While professional development opportunities are critical for teachers to improve their craft, many education professionals believe that there is room for improving professional development opportunities for teachers. In fact, some education experts argue that the current state of professional development for teachers is sporadic, inconsistent and often lacking in substance.
As this issue comes to light, more and more educational professionals have their sights set to improve the quality, frequency and offering of professional development for teachers. According to Harvard University Professor Heather C. Hill, the “professional development ‘system’ for teachers is, by all accounts, broken.”One likely reason for the view held by Professor Hill and others is the reliance on short-term, episodic, and disconnected professional learning for teachers—the kinds of training programs that are unlikely to positively influence teaching and improve student achievement. It takes sustained investment of time into teacher training to change instruction and improve classroom outcomes.
A review of research on the effect of professional development on increased student learning found that programs had to include more than 14 hours of professional development for student learning to be affected. None of this is lost on the educators on the receiving end of professional development. “Perhaps the most damning indictment of PD [professional development] is that even teachers themselves regard it with contempt,” writes Frederick Hess of the American Enterprise Institute.
Yet the education industry—including federal, state, and local education policymakers, plus all those who work to deliver teaching and learning to students—has recently made a sizable bet on the power of professional support to change teaching and boost student learning. From federally supported and locally enacted educator-evaluation systems to the rollout of the Common Core State Standards, the nascent changes to education all require educators to learn new and better ways to do their jobs. Almost every presentation or speech or conversation about educational reform inevitably includes some reference to the amount of support and training teachers and administrators will need in order to make key reforms real and effective in classrooms.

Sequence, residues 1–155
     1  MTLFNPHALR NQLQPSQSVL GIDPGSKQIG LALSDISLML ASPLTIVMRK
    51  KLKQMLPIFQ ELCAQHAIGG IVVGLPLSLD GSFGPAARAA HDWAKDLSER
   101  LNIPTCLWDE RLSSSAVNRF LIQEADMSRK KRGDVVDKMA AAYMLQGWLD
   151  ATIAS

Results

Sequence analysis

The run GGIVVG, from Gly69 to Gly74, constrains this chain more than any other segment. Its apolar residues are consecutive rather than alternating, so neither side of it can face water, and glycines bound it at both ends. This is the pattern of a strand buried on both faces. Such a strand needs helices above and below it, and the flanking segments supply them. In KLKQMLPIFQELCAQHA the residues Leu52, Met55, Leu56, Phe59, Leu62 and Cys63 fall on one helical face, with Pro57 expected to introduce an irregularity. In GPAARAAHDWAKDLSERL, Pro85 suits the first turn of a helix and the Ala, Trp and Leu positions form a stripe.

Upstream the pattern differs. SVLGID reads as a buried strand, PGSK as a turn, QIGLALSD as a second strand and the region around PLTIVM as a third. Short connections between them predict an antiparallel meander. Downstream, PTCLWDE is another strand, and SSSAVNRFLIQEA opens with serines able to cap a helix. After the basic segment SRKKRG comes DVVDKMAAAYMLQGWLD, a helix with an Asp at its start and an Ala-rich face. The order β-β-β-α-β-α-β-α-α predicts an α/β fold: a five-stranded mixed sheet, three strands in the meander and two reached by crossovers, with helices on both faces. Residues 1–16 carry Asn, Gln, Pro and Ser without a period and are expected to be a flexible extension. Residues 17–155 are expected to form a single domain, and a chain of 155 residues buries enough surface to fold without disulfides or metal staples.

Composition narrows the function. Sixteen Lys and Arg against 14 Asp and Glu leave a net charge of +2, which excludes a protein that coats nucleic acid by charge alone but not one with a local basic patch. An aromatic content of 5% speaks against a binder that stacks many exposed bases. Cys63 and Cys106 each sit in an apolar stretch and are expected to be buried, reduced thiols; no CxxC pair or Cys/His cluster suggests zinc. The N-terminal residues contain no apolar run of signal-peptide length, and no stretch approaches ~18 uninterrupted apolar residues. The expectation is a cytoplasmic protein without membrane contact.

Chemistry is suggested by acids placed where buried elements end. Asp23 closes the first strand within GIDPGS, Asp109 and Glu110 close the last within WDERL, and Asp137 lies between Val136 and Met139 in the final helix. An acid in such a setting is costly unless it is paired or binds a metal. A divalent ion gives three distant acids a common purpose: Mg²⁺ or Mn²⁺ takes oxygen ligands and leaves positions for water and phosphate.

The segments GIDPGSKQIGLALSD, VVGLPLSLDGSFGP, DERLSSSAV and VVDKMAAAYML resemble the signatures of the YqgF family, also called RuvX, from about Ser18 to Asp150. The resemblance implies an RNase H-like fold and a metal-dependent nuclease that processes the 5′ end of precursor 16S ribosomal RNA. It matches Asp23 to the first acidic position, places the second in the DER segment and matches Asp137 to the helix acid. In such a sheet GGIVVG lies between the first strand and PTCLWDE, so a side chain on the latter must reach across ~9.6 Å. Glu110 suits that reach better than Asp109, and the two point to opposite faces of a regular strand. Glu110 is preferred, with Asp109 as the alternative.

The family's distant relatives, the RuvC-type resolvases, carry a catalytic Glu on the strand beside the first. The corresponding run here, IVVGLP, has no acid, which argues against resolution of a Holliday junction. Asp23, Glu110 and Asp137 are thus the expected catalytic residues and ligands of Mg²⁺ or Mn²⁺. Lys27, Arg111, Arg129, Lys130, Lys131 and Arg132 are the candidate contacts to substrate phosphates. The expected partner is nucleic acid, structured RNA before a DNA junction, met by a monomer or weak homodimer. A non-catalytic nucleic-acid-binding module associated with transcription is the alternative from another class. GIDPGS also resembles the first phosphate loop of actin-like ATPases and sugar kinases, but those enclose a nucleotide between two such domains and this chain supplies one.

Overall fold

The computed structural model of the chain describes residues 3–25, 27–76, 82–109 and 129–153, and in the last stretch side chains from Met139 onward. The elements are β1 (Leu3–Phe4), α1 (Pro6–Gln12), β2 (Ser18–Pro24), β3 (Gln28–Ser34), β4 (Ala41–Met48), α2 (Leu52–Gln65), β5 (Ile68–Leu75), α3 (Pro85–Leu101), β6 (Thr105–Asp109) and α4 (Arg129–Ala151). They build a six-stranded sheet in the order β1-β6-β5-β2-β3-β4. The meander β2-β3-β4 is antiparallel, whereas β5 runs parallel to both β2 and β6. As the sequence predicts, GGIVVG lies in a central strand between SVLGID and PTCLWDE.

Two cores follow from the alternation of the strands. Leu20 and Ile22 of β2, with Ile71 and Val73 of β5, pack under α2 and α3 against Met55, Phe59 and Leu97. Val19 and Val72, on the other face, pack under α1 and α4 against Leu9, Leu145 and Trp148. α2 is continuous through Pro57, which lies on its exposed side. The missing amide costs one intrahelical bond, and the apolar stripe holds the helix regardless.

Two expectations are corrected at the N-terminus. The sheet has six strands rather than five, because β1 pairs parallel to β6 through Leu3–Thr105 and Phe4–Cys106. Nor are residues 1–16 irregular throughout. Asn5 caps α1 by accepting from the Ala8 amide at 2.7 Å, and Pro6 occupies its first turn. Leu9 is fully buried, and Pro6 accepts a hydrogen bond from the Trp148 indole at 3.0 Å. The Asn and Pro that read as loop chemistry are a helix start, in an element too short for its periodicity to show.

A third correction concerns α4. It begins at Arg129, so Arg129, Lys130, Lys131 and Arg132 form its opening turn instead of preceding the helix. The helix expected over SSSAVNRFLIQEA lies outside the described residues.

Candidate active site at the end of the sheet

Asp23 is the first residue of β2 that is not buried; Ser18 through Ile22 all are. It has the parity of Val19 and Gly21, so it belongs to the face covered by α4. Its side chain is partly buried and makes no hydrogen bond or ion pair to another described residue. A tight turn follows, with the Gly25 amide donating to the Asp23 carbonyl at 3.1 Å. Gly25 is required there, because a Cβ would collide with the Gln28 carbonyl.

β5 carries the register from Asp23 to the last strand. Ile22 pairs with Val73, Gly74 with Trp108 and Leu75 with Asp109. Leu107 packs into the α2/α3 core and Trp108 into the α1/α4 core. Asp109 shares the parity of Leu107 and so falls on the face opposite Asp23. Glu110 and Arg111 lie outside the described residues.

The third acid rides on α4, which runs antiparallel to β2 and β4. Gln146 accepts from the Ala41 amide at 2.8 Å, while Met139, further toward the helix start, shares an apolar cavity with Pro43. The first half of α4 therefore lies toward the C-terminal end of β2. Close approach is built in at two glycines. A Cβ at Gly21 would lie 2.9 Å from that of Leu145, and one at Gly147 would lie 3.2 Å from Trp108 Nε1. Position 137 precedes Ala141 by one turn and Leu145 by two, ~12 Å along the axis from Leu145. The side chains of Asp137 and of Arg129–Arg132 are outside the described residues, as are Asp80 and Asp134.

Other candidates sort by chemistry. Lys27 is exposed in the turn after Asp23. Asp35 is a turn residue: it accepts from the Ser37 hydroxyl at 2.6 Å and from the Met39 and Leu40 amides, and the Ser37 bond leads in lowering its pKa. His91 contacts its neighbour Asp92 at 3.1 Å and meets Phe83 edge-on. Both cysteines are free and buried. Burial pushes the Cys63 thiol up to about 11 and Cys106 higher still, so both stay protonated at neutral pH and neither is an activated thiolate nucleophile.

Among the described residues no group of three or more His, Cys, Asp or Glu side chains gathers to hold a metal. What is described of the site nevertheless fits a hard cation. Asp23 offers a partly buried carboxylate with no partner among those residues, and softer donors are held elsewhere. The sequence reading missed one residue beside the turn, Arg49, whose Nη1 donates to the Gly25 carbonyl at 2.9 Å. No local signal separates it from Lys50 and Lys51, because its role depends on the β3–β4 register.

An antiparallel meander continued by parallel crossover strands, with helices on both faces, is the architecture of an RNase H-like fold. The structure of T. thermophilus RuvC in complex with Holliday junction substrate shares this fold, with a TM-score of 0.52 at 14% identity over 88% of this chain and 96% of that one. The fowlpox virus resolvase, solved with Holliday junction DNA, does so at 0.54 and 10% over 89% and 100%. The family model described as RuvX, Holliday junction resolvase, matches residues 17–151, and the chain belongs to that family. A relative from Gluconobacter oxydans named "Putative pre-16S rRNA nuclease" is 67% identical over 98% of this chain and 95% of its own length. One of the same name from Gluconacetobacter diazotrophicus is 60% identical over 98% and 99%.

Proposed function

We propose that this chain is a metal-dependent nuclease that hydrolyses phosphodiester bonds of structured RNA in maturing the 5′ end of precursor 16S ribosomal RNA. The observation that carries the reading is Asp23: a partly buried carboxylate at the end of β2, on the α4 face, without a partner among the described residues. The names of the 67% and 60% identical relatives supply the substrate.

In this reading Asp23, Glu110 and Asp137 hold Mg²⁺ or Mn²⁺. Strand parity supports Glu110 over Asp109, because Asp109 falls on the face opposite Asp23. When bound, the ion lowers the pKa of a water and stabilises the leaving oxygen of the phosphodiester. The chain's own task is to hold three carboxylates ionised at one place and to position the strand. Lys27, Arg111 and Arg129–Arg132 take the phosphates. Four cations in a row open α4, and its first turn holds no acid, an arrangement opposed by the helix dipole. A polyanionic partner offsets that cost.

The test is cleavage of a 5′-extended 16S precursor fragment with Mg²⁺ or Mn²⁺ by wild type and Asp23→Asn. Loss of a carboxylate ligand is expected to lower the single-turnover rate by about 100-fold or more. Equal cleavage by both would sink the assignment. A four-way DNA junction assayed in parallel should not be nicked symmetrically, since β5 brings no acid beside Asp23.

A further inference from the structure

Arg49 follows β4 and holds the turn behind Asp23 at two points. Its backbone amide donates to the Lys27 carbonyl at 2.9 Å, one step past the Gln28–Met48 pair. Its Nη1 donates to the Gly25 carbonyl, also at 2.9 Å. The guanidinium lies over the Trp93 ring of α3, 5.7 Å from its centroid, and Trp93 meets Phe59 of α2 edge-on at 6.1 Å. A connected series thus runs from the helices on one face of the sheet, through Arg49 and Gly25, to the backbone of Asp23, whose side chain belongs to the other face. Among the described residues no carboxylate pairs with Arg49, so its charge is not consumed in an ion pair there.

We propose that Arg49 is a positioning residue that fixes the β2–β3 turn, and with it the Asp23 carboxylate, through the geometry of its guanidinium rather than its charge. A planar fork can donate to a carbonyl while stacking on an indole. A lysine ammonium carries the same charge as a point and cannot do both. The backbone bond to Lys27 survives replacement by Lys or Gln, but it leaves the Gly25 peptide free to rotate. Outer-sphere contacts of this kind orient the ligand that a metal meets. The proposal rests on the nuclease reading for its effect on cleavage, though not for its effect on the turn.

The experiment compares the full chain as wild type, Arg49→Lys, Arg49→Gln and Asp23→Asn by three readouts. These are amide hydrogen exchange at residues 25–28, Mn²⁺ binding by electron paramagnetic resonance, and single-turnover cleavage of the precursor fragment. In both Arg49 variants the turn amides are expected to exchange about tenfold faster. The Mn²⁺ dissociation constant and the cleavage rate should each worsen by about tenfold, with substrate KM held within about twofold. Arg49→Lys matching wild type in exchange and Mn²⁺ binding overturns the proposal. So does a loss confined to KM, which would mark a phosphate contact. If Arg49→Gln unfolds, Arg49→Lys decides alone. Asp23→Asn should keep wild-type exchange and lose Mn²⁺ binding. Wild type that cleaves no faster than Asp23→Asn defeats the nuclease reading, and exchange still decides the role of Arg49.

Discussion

Just how critical is professional learning for teachers to educational improvement? In many ways professional development is the link between the design and implementation of education reforms and the ultimate success of reform efforts in schools. The evaluation of educator effectiveness based on student test scores and classroom observation, for example, has the potential to drive instructional improvement and promises to reveal important aspects of classroom performance and success. That information may, in some cases, be used as the basis for critical personnel decisions such as whether to dismiss an educator or increase his or her salary. But in order to have the impact on student learning that supporters of reform intend, evaluation needs to be accompanied by insightful feedback about teacher performance that leads to a strategic set of professional-learning activities to help educators improve their practice.
State education leaders in many places know this and have specifically included direction for following up evaluation with professional learning in their public descriptions of educator evaluation. Connecticut lists it as a design principle for its “Education Evaluation and Development” system, stating on its website to “Encourage aligned professional development, coaching, and feedback to support teacher growth.” Colorado lists “professional development” as a necessary support to its educator-effectiveness system, and the District of Columbia includes educator evaluation and professional development and supports on its webpage titled “Ensuring Teacher Success.”
Meanwhile, 45 states and the District of Columbia have adopted the Common Core State Standards, which set out academic expectations for student achievement that have been called rigorous when compared to most standards currently in place in the states. Now, almost three years after the standards were introduced, and about a year away from implementation in most states, educators and policymakers are thinking not only about the demands these new standards will place on students; they are also grappling with the challenges teachers face as the standards inform classroom instruction. Report after report mentions the need for teacher training and instructional support as an essential part of the success of the Common Core State Standards.
Endnotes and citations are available in the PDF version of this report.